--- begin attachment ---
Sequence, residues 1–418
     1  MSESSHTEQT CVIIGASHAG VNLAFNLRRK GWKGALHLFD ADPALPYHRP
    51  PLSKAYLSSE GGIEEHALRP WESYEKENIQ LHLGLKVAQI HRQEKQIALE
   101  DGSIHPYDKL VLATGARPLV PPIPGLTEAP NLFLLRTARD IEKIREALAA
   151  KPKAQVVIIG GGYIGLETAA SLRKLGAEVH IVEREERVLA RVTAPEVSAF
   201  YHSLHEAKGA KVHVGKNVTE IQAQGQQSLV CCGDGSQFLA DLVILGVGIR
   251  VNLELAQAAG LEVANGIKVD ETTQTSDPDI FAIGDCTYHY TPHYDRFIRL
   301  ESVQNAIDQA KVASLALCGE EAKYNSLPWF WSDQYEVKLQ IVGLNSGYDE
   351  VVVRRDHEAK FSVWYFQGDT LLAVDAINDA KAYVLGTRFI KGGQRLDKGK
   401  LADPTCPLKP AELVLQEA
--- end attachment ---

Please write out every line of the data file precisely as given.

Sequence, residues 1–418
     1  MSESSHTEQT CVIIGASHAG VNLAFNLRRK GWKGALHLFD ADPALPYHRP
    51  PLSKAYLSSE GGIEEHALRP WESYEKENIQ LHLGLKVAQI HRQEKQIALE
   101  DGSIHPYDKL VLATGARPLV PPIPGLTEAP NLFLLRTARD IEKIREALAA
   151  KPKAQVVIIG GGYIGLETAA SLRKLGAEVH IVEREERVLA RVTAPEVSAF
   201  YHSLHEAKGA KVHVGKNVTE IQAQGQQSLV CCGDGSQFLA DLVILGVGIR
   251  VNLELAQAAG LEVANGIKVD ETTQTSDPDI FAIGDCTYHY TPHYDRFIRL
   301  ESVQNAIDQA KVASLALCGE EAKYNSLPWF WSDQYEVKLQ IVGLNSGYDE
   351  VVVRRDHEAK FSVWYFQGDT LLAVDAINDA KAYVLGTRFI KGGQRLDKGK
   401  LADPTCPLKP AELVLQEA